This dilemma requires serious thought on the part of our leaders moving into the future. I'm assuming that the world doesn't end on 12/21 (much to the dismay of malcontents who would prefer a global reset), and we must prepare for ethical, clean, affordable electricity going into the next stage of development. Privatization of utilities usually results in higher rates for the consumer. This increase may motivate consumers to use less power. My cinema-quality, home theater uses 27 watts. Reduction of consumption is the ultimate answer.

— Kenton Lloyd

Colorado Springs

Tax fairness

An open letter to the President of the United States:

As you are trying to avoid the cliff, during your negotiations to raise the marginal rate of the wealthiest 2 percent, insist on taxing all earned income (wages, salaries and commissions) and all unearned income (capital gains, dividends and interest) at the same rate. Think of it as fairness. Why should income that is received by investment be taxed at a much lower rate than income derived from working? Is it a different color or spend differently or feel different?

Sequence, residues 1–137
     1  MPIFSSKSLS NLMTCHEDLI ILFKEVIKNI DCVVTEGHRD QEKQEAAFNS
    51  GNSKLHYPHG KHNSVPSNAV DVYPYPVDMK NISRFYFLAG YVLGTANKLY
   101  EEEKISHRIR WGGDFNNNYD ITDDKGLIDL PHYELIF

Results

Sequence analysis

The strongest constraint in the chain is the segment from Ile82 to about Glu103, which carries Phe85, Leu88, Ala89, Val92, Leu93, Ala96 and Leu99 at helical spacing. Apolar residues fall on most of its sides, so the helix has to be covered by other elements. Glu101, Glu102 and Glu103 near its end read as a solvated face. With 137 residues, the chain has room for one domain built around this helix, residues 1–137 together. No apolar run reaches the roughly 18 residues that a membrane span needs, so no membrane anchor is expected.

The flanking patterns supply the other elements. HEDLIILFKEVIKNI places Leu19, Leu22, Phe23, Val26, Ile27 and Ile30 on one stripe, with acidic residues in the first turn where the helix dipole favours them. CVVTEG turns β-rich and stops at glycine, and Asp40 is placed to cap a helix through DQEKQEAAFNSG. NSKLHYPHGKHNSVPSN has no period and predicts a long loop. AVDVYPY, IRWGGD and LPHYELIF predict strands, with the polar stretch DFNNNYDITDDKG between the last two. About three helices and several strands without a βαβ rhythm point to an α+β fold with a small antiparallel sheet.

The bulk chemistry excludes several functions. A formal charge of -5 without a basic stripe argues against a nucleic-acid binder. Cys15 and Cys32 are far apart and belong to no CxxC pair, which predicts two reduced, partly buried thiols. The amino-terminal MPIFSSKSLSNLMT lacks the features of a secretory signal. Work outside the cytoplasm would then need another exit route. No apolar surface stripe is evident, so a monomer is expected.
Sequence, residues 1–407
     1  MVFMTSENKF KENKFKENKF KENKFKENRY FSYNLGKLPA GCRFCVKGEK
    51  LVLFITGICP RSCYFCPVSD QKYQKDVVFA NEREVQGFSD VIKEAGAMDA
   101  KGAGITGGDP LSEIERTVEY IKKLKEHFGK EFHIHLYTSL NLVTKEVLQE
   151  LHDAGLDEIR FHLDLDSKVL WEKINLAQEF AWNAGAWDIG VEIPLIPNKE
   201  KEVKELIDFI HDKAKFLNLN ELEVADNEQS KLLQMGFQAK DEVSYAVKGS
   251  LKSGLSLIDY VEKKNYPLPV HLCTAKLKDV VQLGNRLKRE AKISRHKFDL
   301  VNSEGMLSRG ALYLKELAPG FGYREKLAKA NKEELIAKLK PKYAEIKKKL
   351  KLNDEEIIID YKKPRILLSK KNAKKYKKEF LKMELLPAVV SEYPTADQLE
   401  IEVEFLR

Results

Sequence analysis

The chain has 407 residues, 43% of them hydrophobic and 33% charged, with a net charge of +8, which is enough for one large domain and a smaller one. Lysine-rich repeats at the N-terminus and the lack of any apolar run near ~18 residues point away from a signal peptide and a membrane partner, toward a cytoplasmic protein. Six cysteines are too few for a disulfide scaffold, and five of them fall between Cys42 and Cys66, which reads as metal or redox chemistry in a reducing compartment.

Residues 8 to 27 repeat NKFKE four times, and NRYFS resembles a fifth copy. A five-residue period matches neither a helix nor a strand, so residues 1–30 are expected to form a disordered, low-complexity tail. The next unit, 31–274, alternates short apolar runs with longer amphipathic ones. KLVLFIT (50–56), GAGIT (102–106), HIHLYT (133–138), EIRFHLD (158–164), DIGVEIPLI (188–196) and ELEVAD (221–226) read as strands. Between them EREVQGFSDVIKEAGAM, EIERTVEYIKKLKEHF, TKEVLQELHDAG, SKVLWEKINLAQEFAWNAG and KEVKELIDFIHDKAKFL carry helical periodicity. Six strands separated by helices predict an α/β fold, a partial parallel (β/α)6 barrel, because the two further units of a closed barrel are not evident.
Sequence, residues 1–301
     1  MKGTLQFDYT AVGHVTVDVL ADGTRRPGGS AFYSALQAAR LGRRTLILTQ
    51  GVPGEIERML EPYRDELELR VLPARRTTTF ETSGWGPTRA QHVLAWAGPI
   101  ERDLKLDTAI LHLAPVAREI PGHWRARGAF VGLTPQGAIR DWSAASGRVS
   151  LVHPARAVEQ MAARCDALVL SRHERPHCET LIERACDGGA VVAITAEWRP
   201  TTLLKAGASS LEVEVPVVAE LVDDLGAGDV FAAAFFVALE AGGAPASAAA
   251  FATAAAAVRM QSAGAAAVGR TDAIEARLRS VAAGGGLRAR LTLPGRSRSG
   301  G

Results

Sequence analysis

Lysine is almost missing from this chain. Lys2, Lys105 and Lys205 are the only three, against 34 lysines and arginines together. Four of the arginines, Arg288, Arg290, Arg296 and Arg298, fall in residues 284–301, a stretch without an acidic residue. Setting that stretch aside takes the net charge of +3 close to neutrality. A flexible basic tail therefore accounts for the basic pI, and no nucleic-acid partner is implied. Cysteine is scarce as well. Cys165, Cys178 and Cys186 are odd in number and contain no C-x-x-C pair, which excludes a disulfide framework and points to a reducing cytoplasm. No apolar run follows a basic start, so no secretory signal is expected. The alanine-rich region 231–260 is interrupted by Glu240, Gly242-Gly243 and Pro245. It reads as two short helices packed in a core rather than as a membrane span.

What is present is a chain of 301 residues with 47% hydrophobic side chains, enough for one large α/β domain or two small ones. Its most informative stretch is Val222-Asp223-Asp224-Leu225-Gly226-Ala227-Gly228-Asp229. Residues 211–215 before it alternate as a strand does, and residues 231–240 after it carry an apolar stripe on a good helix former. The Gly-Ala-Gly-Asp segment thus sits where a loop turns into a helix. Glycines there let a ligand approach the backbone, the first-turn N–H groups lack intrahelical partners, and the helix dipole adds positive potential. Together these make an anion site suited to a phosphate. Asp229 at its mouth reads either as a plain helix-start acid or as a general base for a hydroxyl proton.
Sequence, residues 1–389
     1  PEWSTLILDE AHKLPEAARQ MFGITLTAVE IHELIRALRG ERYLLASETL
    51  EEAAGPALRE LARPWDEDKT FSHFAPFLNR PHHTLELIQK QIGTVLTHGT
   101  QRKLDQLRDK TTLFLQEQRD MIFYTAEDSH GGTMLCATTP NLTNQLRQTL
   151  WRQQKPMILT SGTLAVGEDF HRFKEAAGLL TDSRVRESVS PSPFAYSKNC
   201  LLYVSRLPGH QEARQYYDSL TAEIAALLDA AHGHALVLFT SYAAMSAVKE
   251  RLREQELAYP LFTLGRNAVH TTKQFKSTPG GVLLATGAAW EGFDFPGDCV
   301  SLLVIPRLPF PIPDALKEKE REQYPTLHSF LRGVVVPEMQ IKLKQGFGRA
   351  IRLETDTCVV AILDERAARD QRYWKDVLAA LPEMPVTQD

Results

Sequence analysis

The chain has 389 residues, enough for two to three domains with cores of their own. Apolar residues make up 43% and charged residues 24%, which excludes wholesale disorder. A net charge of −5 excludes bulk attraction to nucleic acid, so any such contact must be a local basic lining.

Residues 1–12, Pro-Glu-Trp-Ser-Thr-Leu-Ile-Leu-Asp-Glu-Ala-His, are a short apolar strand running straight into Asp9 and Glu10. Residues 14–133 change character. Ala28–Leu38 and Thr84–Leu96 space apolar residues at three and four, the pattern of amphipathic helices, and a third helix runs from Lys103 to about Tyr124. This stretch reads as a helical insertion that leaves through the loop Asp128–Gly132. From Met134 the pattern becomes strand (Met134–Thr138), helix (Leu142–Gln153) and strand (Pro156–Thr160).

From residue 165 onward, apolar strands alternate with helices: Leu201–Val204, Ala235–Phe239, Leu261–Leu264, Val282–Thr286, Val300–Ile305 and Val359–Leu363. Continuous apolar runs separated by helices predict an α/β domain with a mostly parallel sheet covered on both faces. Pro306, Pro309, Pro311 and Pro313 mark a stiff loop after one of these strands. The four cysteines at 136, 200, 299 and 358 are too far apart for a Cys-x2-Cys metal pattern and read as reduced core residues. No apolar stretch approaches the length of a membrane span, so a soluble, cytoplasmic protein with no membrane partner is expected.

When the Republicans took over in 1921 (president and Congress) they lowered the tax rate of capital gains to 15 percent. It always remained less than the marginal rate until the Republican president (Ronald Reagan) and a Democratic Congress raised it to the same rate as ordinary income in 1983. It remained at that rate until a Democratic president (Bill Clinton) and a Republican Congress lowered it to 20 percent a decade later.

The rate for capital gains and dividends was lowered to 15 percent by a Republican president (George Bush) and a Republican Congress. Eighty percent of all unearned income goes to the top 20 percent. So even if you raise the marginal rate for the 2 percent, the wealthy will still not be paying their fair share.

All of the top 10 wealthiest people in America derive most, if not all, of their income from dividends and capital gains. The top three and the 10th are the only ones that actually made their money. The other six inherited theirs. Shouldn't they pay the same rate, or more, as the people who make a lot less money and actually perform some work? Mr. President, think of FAIRNESS.

— David M. Justice

Colorado Springs